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ISS Hosts New Science and Technology Investigations

Students from the St. Thomas More Cathedral School work on the antenna that will enable the school to communicate with their satellite, the St. Thomas More Satellite (STMSat)-1. STMSat-1 was designed, built, and tested by elementary school students, and was launched to the ISS as part of NASA’s ELaNa IX program.

Image courtesy of STM.

On December 6, an Orbital ATK Cygnus left Cape Canaveral Air Force Base with novel science and research materials destined for the International Space Station (ISS).

“We have over 3500 kilograms of cargo that we’re taking up on this mission, over a third of which is for utilization in experiments. And of course that’s the main mission of the ISS,” said Frank Culbertson, President of Orbital ATK’s Space Systems Group.

“The space station is an unprecedented National Laboratory, and as such it offers access to the low Earth environment and special characteristics there, like microgravity,” said Dr. Kirt Costello, Deputy Chief Scientist for the ISS Program Science Office at Johnson Space Center (JSC). “[W]hen we take gravity out of the equation, we expose other forces and changes and behaviors that we don’t get to see in a one-G field on Earth. It becomes more evident what those changes can be and how they might affect us: our lives here on Earth and our exploration goals as we move farther out into space.”

The ISS was designated a National Laboratory in 2005 and now serves as a unique microgravity platform for a diverse range of investigators and organizations. NASA and its international partners continue to rely on the ISS for their research, while the Center for the Advancement of Science in Space (CASIS) facilitates the use of the orbiting laboratory for other initiatives.

“A broad cross section of users of the National [Laboratory] include private sector industry and commercial uses, spanning all sorts of applications. We’ve got other government agencies that are utilizing the National Laboratory, students and teacher in STEM programs, and of course traditional and institutional researchers. [There’s a] very broad spectrum of research that we’re sponsoring on station. Includes really every science topic that you can think of, every science discipline that there is, both fundamental and applied. We utilize the internal and external capability of space station,” said Ken Shields, Director of Operations and Outreach for CASIS.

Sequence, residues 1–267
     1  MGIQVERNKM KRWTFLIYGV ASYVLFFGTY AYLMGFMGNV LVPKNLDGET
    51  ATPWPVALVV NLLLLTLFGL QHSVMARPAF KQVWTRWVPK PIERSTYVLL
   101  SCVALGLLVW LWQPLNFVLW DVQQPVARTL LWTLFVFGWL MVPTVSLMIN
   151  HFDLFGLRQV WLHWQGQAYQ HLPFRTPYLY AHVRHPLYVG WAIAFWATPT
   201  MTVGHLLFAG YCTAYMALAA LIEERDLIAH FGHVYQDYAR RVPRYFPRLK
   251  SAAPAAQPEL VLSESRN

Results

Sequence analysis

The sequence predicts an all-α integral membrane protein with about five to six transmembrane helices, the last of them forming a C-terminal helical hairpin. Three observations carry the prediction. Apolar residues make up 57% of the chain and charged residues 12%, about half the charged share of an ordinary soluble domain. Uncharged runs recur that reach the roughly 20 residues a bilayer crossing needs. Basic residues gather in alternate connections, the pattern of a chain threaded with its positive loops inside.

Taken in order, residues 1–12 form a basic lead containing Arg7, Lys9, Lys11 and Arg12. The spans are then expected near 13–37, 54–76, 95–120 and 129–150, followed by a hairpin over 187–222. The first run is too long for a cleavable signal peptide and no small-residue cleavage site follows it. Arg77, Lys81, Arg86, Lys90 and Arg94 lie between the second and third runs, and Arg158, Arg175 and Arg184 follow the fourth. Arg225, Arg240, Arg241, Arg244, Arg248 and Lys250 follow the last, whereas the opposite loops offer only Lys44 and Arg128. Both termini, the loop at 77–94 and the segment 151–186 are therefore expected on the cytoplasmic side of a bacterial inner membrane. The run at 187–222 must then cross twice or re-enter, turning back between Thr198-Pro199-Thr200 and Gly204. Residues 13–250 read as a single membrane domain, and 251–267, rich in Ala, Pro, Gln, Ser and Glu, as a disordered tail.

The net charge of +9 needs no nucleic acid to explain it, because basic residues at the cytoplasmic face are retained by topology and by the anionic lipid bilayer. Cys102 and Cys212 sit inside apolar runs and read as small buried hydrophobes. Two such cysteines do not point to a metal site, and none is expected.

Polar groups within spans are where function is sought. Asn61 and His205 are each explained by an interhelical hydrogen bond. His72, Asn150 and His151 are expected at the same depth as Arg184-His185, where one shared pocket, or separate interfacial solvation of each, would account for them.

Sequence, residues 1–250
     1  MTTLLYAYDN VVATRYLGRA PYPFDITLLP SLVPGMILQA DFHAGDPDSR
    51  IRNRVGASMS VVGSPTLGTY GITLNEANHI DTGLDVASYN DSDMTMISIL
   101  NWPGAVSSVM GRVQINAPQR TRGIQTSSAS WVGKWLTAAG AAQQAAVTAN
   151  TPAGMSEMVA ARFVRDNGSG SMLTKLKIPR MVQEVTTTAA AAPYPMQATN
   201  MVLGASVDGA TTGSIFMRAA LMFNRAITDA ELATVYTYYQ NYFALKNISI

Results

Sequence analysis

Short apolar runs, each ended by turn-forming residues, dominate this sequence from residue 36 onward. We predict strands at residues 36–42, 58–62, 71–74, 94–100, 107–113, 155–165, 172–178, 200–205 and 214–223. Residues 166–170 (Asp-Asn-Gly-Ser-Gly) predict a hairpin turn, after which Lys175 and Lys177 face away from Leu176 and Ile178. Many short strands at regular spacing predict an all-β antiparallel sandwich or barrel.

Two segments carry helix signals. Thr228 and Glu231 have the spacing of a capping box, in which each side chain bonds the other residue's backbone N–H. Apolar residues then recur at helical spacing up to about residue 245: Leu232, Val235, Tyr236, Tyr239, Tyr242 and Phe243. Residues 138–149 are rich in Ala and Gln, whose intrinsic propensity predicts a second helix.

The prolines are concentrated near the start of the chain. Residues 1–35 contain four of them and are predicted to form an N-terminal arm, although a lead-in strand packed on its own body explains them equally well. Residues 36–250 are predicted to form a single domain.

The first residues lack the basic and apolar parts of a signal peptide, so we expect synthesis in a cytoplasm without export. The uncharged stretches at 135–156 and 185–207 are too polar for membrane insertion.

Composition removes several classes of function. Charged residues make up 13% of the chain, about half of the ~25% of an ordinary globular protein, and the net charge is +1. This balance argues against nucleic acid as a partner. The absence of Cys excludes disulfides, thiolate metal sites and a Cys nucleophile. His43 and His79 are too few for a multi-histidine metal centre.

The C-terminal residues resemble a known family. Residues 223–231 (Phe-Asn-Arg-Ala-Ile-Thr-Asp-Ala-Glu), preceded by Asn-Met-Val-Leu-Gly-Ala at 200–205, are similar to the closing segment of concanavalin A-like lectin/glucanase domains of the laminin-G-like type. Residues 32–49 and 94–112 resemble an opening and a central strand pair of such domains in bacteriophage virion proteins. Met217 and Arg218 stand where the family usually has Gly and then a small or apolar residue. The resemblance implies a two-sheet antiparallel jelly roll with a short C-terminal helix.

The launch represented the first voyage of Orbital ATK’s enhanced Cygnus spacecraft, which has a greater payload capacity, new solar arrays, and new fuel tanks. On December 9, the Cygnus was berthed to the Unity module’s Earth-facing port, the first cargo ship to do so. Its cargo includes many different science and research materials, including three CubeSats that are part of NASA’s Educational Launch of Nanosatellite (ELaNa) IX program. These small satellites were selected through the CubeSat Launch Initiative (CSLI) and represent work from two universities and an elementary school.

The St. Thomas More Cathedral School in Arlington VA contributed the St. Thomas More Satellite (STMSat)-1: a CubeSat created by elementary school students. The mission of STMSat-1 is to photograph Earth from orbit and transmit those images to the ground station at the St. Thomas More school. Around the world, 10,000 grade school students are expected to participate in the mission as Remote Operations Centers receive images from the CubeSat.

“STM is poised to become the first elementary school in the world to have built, tested, and launched a satellite,” said Eleanor McCormack, principal of the school. The school spent several years constructing the curriculum that would support the project, and then three years working with students across all grades to design, develop, and test the technology.

“We wanted the students to be able to see that things that are worthwhile sometimes take a long time, and it takes many people to be involved. We did have failure to some degree with our antenna,” she said. “We never could get it to the point where it was approved by NASA so we went to a different method. So the children have known some failures along the way, but we simply look at them as opportunities for growth.”

“I think that’s one of the greatest lessons that our kids learn from these project-based STEM opportunities. Number one, they’re learning to collaborate. They’re learning the true meaning of team work. And they’re learning about failure. They’re actually learning hands-on the tangible meaning of how failure is a step toward success,” said Shields.